Siemon Allen is a South African artist whose research-based studio practice reflects a number of distinct yet interconnected processes where overlapping interests in aesthetics and politics lead to works loaded with historical significance and visual magnitude. Allen creates large-scale architectural displays that explore the construction of national identity while challenging the divisions between sculpture, painting, drawing, and photography. He systematically accumulates mass-produced cultural artifacts including postal stamps, newspapers, old film stock, trading cards, comics, and audio recordings which he then catalogs and repurposes. His approach is not unlike that of an archivist — each collected item brings with it the narrative of its production, dissemination, and function.
Siemon received his MFA from the Durban University of Technology in 1999 and was a founding member of the FLAT Gallery, an artists’ initiative in Durban. He has exhibited nationally and internationally at venues including the 2011 Venice Biennale, the Deutsche Guggenheim in Berlin, The Renaissance Society in Chicago, the Johannesburg Art Gallery, Iziko Slave Lodge, the 2nd Johannesburg Biennale in South Africa, and at the Whitney Museum, Artists Space, WhiteBox, and Momenta in New York City.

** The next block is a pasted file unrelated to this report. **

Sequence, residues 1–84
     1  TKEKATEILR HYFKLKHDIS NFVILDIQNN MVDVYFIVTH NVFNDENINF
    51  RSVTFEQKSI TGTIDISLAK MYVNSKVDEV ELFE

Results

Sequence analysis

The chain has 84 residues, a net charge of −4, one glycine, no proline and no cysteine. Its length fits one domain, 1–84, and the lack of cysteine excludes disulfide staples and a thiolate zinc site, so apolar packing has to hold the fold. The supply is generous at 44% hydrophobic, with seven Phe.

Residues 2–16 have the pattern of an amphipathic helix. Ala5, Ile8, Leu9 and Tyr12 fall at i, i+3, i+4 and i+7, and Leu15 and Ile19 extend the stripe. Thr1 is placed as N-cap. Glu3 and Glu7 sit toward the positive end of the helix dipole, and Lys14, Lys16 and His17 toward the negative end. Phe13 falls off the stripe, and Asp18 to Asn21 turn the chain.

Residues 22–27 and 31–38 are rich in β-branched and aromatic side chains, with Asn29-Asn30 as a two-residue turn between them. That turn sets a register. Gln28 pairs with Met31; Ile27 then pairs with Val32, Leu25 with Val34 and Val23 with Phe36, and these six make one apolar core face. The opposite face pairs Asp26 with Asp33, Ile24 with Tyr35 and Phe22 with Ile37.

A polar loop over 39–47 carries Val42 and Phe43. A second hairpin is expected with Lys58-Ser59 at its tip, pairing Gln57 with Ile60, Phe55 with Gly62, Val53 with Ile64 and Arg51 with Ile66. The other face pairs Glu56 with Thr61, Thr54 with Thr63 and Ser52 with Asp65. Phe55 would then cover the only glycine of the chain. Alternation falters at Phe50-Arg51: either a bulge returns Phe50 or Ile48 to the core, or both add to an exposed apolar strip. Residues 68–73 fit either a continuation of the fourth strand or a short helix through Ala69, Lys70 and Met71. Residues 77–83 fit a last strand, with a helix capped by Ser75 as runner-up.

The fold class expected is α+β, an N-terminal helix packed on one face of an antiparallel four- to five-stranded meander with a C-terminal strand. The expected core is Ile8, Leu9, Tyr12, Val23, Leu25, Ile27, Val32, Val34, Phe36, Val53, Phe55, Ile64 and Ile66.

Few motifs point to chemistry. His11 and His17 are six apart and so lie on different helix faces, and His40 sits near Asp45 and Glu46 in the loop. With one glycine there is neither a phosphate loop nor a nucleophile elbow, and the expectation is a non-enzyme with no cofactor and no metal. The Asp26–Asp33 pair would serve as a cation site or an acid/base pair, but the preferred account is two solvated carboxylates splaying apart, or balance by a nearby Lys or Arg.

Siemon was a recipient of a Guggenheim Memorial Foundation Fellowship in 2013 and a Virginia Museum of Fine Arts Professional Fellowship in 2006. His work is represented in a number of collections including the Guggenheim Museum in New York, the Virginia Museum of Fine Art and Royall Collection in Richmond, and the Gordon Schachat Collection, BHP Billiton, and Standard Bank Collections in South Africa.
From 2000 to 2016, Siemon was a visiting artist and adjunct professor in the Department of Sculpture + Extended Media at Virginia Commonwealth University in Richmond. Since 1999 he and his partner, Kendall Buster, have collaborated on more than 25 large-scale site-specific sculpture commissions. Siemon has also been a regular contributor to the music blogs Electric Jive and Flatint. His ongoing web-based, visual archive of rare South African audio can be viewed at flatinternational.org.